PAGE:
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Title    Cousin Took a DNA Test? Courts Could Use it to Argue You are More Likely to Commit Crimes
Date    Wednesday January 22 2020, @03:28PM
Author    martyb
from the 60%-likely-is-40%-unlikely dept.

Phoenix666 writes:


How similar do you think you are to your second cousin? Or your estranged great aunt?

Would you like to have people assess your behaviour from what your great aunt has done? How would you feel if courts used data gained from them to decide how you are likely to behave in the future?

Scientists are making connections between a person's DNA and their tendencies for certain kinds of behaviour. At the same time, commercial DNA databases are becoming more common and police are gaining access to them.

When these trends combine, genetic data inferred about offenders from their relatives might one day be used by courts to determine sentences. In the future, the data from your great aunt could be used by a court to determine how severely you are punished for a crime.

[...] A Florida judge recently approved a warrant to search a genetic genealogy , GED Match. This American company has approximately 1.3 million users who have uploaded their personal genetic data, with the assumption of privacy, in the hope of discovering their family tree.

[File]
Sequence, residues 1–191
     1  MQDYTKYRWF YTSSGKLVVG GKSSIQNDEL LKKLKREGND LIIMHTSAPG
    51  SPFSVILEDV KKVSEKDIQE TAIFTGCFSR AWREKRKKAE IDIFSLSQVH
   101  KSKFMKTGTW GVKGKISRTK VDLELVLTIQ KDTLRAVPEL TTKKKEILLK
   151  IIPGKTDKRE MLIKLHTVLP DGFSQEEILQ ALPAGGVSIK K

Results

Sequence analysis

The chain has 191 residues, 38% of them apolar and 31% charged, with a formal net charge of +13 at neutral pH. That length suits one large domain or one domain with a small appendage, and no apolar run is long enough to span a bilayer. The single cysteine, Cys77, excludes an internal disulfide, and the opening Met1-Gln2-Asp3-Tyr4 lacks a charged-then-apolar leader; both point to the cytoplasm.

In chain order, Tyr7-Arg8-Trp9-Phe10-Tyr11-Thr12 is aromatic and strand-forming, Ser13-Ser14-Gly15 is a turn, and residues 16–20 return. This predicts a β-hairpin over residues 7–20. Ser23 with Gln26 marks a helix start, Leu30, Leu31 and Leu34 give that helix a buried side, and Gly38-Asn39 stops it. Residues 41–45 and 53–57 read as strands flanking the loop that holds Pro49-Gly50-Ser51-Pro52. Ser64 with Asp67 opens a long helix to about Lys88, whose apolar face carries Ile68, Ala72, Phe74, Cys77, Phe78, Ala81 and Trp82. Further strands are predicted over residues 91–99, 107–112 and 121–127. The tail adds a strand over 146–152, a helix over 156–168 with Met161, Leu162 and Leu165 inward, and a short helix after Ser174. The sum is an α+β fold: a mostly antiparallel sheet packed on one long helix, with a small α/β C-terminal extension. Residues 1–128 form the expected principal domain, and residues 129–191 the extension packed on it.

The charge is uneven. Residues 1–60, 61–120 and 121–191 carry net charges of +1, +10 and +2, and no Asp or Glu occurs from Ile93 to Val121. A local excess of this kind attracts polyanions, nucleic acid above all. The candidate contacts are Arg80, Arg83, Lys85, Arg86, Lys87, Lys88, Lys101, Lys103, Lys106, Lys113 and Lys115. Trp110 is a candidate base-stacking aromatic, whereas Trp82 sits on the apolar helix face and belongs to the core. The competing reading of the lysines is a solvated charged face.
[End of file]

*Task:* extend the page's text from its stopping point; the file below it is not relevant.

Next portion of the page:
The court directly overruled these users' request for privacy and now the company is obliged to hand over the data.

[...] This might be used by the prosecution to make the case for a longer sentence. In some jurisdictions and circumstances, the prosecution may have a means of obtaining a sample of DNA directly from the offender. But where this is not legally possible without the offender's consent, the inference from relatives might fill a gap in the prosecution's case about how dangerous the offender is.

Your ability to be granted bail may hinge on your genes.

Original Submission


  1. "Phoenix666" -
  2. "MedicalXPress" -
  3. "genetic data" -
  4. "database" -
  5. "GED Match" -
  6. "approximately 1.3 million users" -
  7. "Original Submission" -

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